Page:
1University of Sarajevo, Faculty of Sport and Physical Education, Sarajevo, Bosnia and Herzegovina
2University of Montenegro, Faculty for Sport and Physical Education, Niksic, Montenegro
Differences in the Quality of Movement Functionality between Judokas, Karatekas, and Non-Athletes
Judo and karate are polystructural acyclic sports, which require development of a great number of human abilities and characteristics. Although both are martial arts, they differ greatly in the requirements and quality of performance of individual movements. The aim of this study was to determine the differences in the quality of performing movements between karatekas, judokas and non-athletes. The respondents were 60 young people (14.1 - 14.6 years), 20 of which belonged to the group of "judokas", 20 to the group of "karatekas" and 20 to the group of "non-athletes". All individuals were physically and mentally healthy, and were fit to undergo testing. The sample of variables consisted of 7 tests, which belong to the Functional Movement Screen (FMS) method of testing the movement functionality. By using the ANOVA test, in 4 variables showed up statistically significant difference (p<0.05). Group of non-athletes has the lowest values in all tests, especially in deep squat, active straight-leg raise, and rotary stability. Judokas performed the lowest values in the shoulder mobility test. The main conclusions of this paper are that training content should be specific to sports, and sports (in this case martial arts) have a positive effect on the development of the locomotor system, which could be useful for properly perform basic movements which humans use in everyday life.
Functional Movement Screen, Martial arts, Judo, Karate, Non-athletes
Baghbani, F., Woodhouse, L.J., &Gaeini, A.A. (2016). Dynamic Postural Control in Female Athletes and Non athletes After a Whole-Body Fatigue Protocol. Journal of strength and conditioning research, 30(7), 1942–1947. https://doi.org/10.1519/JSC.0000000000001275
Bardenett, S.M., Micca, J.J., DeNoyelles, J.T., Miller, S.D., Jenk, D.T., & Brooks, G.S. (2015). FUNCTIONAL MOVEMENT SCREEN NORMATIVE VALUES AND VALIDITY IN HIGH SCHOOL ATHLETES: CAN THE FMS™ BE USED AS A PREDICTOR OF INJURY?. International journal of sports physical therapy, 10 (3), 303–308.
Bjelica, D., Georgiev, G., & Muratovic, A. (2012). Basic motor abilities of young handball players from Montenegro. Sport Science, 5 (1), 71-76.
Boguszewski, D., Jakubowska, K.L., Adamczyk, J., & Białoszewski, D. (2015). The assessment of movement patterns of children practicing karate using the Functional Movement Screen test. Journal of combat sports and martial arts, 6, 21-26.
Bompa, T. (1999). Periodization: theory and methodology training. Champaign, IL: Human Kinetics. Butt, D.S. (1987). Personality of the athlete. New York: The psychology of sport. Ciz, I., Štefanovský, M., Matejová, L., & Lopata, P. (2017). Functional movement screening of elite judokas. In M. Chren, K. Péliová, & E. Sulovská (Eds.), Nové vedecké poznatky v gymnastike, tancoch, úpoloch, fitnes a silových športoch (pp. 13–19). Bratislava.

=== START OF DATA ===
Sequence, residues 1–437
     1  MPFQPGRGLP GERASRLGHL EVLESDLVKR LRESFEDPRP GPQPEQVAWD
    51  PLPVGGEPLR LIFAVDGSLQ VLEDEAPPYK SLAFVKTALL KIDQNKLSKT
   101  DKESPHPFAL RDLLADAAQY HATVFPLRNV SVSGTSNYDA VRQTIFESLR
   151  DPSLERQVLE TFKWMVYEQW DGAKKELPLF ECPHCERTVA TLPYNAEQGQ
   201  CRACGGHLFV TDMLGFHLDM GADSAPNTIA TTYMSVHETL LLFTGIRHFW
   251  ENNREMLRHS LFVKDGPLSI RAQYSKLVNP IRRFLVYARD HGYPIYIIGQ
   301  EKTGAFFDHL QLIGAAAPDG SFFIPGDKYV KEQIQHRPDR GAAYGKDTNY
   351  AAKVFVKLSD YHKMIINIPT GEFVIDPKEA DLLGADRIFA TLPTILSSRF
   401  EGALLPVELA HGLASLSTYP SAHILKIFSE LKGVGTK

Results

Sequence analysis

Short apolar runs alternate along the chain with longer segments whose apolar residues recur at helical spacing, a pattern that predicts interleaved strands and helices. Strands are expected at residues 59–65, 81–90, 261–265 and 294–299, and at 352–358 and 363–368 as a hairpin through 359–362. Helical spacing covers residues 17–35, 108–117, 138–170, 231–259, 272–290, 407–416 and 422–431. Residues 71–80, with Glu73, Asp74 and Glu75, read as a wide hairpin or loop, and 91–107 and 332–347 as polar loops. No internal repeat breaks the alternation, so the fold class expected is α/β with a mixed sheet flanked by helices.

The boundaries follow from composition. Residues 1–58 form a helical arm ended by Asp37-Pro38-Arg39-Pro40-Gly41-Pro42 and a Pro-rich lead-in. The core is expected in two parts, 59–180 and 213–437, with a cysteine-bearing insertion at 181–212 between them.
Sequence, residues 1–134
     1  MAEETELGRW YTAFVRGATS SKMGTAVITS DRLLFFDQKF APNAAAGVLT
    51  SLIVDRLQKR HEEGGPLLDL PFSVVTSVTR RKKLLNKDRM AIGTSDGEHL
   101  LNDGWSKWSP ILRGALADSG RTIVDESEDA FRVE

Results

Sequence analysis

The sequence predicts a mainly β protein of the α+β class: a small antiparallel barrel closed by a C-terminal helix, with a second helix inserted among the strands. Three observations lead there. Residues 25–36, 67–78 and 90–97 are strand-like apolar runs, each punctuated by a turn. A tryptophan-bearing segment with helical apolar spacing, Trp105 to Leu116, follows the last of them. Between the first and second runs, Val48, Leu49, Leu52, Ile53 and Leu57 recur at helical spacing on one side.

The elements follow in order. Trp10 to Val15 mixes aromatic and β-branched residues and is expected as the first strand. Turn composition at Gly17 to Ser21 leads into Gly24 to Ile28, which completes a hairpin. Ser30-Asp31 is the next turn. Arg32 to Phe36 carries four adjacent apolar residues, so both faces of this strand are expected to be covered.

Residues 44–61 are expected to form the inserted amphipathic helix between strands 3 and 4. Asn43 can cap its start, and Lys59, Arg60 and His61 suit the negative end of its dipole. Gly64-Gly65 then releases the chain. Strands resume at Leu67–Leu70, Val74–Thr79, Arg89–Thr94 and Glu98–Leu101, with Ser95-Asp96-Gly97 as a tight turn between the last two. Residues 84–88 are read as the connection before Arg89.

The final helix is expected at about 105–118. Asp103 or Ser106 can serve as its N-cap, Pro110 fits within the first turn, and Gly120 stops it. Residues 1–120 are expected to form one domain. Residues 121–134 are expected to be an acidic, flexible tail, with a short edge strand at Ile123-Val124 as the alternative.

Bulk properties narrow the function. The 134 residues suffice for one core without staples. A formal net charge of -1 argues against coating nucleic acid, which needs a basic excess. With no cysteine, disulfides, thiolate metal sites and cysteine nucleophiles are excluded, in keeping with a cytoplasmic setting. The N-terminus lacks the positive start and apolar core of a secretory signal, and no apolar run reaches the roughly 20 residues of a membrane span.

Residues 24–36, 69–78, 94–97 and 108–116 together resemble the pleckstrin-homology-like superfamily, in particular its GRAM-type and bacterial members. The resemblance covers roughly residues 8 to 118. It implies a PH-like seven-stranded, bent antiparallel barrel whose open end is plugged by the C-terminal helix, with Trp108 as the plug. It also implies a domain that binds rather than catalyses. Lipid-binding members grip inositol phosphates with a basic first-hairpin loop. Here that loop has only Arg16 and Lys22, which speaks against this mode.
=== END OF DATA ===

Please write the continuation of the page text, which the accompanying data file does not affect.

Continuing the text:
Cook, G., Burton, L., Hoogenboom, B.J., & Voight, M. (2014). Functional movement screening: the use of fundamental movements as an assessment of function - part 1. International journal of sports physical therapy, 9 (3), 396–409.
Cook, G., Burton, L., Hoogenboom, B.J., & Voight, M. (2014a). Functional movement screening: the use of fundamental movements as an assessment of function-part 2. International journal of sports physical therapy, 9 (4), 549–563.
Cosio-Lima, L., Knapik, J.J., Shumway, R., Reynolds, K., Lee, Y., Greska, E., & Hampton, M. (2016). Associations Between Functional Movement Screening, the Y Balance Test, and Injuries in Coast Guard Training. Military medicine, 181 (7), 643–648. https://doi.org/10.7205/MILMED-D-15-00208
Cox, R.H. (1994). Sport psychology: concepts and applications. Dubuque: Brown and Benchmark.
Fuller, J.T., Chalmers, S., Debenedicts T.S., Townsley, S., Lynagh, M., Gleeson, C., Zacharia, A., Thomson, S., & Magarey, M. (2017). High prevalence of dysfunctional, asymmetrical, and paintful movement in elite junior Australian Football players assessed using the Functional Movement Screen. Journal of Science and Medicine in Sport, 20 (2), 134–138. https://doi.org/10.1016/j.jsams.2016.05.003
Janicki, J.J., Switzler, C.L., Hayes, B.T., & Hicks-Little, C.A. (2017). Correlation Between Ankle-Dorsiflexion and Hip-Flexion Range of Motion and the Functional Movement Screen Hurdle-Step Score. Journal of sport rehabilitation, 26 (1), 35–41. https://doi.org/10.1123/jsr.2015-0070
Kajmovic, H., Radjo, I., & Mekic, A. (2011). Judo: Analiza situacijske efikasnosti. Sarajevo: Fakultet sporta i tjelesnog odgoja. Kapo, S. (2012). Karate pronađi svoj put. Sarajevo: Fakultet sporta i tjelesnog odgoja.
Kiesel, K., Plisky, P.J., & Voight, M.L. (2007). Can Serious Injury in Professional Football be Predicted by a Preseason Functional Movement Screen?. North American journal of sports physical therapy, 2 (3), 147–158.
Malacko, J., & Radjo, I. (2004). Tehnologija sporta i sportskog treninga. Sarajevo: Fakultet sporta i tjelesnog odgoja.
Milanovic, D. (2013). Teorija treninga. Zagreb: Kineziološki fakultet. Radjo, I., Kajmovic, H., & Kapo, S. (2001). JUDO. Sarajevo: Fakultet za fizičku kulturu.
Saint-Phard, D., Van Dorsten, B., Marx, R.G., & York, K.A. (1999).Self-perception in Elite collegiate female gymnastics, cross-country runners and trackand- field athletes. Mayo Clinic Proceedings, 74 (8), 770-774.
Šimenko, J. (2019). The benefits of Functional Movement Screen in judo. Revista de Artes Marciales Asiáticas, 14(2s), 18-20. https://doi.org/10.18002/rama.v14i2s.5988
Weinberg, D.S., & Gould, D. (1995). Foundations of sport and exercise psychology. Champaign, IL: Human Kinetics.